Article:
Surveying Origami Math

Purpose of the project is to create an overview of the mathematical model of origami as well as a practical applications of using crease patterns create folded folded objects. The method by which this is done is treating the process of creating an origami model from a generic object as a black box: a user selects an arbitrary shape and the "box" returns a die to form pre-creased sheets.

Project Description

One of the major issues with modern consumer products is wasteful packaging used to protect a product from the stresses of shipping. This forces the transportation of the consumer goods to accommodate a larger volume and weight than otherwise would be needed. Many approaches have been used to reduce packaging waste such as reusable bubble wrap and even machine learning.

The method is to be able to describe a process to convert any crease patterns into Flexible Origami List Datastructure, a file format (with extension .fold), which are used for describing origami simulations. The intent is to develop a generic process which helps facilitate the folding process. Folding, traditionally is a sequential process of steps. In simulation, however, all folds happen simultaneously. The practical implementation of this instantaneous process can be achieved using a die press.

Project Purpose

Purpose of the project is to create for the reader, an overview of the current state of mathematics in origami as well as practical applications of using crease patterns create a folded paper objects, or origami. The method by which is achieved is by treating the field as a black box: an idea goes in and (hopefully) a useful product comes out.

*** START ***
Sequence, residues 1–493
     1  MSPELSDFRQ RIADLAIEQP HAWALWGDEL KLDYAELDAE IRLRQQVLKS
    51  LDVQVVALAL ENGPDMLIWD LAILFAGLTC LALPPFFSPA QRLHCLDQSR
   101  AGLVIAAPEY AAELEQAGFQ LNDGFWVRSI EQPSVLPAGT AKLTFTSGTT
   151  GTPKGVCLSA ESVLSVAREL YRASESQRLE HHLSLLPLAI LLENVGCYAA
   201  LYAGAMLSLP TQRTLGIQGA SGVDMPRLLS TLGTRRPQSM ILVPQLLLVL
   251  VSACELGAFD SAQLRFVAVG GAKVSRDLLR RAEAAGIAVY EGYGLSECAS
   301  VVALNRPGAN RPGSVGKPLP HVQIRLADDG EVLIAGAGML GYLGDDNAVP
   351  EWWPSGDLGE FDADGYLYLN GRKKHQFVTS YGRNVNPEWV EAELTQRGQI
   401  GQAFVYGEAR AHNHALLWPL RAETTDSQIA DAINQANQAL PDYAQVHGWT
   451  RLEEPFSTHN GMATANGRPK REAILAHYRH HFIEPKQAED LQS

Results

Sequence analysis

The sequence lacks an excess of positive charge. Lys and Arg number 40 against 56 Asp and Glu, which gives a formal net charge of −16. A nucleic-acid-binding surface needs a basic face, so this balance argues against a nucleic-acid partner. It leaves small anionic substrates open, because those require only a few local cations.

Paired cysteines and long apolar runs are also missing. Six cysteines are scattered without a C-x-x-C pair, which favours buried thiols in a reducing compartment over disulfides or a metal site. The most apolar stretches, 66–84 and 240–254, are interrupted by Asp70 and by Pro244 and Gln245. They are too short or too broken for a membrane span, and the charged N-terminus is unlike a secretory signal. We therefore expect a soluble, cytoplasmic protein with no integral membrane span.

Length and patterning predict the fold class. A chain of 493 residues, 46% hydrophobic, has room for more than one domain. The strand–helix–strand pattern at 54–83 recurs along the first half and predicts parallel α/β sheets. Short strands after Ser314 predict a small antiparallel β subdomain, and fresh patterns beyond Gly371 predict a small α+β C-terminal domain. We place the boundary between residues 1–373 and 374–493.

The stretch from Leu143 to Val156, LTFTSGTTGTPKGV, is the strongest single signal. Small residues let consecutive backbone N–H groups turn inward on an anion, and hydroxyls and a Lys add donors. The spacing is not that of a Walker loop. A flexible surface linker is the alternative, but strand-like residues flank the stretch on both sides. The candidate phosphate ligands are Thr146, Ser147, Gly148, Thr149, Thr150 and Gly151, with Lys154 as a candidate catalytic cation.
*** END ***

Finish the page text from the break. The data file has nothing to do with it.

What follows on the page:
As with any black box there are necessarily three stages: the idea that goes in, upon which work which is done in the intermediate steps contained in black box, before, finally the desired output object. These three stages entail two steps.

First, what goes into the box is an abstraction which must be made into a singular format so that any party which is interested may modify or change. Traditionally, this is shown sequentially so that each fold is represented as an individual step which compounds on the previous. This forces each consecutive step to be more complex than last as it builds upon the preexisting crease pattern. The order of construction is not trivial as the folds are not infinitesimal references but sharp and well-defined creases. Indeed, in Demaine's 6.849: Geometric Folding Algorithms: Linkages, Origami, Polyhedra Course, some of the problem sets gives the complete crease pattern of an unfolded object and students are asked to back out the necessary order of creases.

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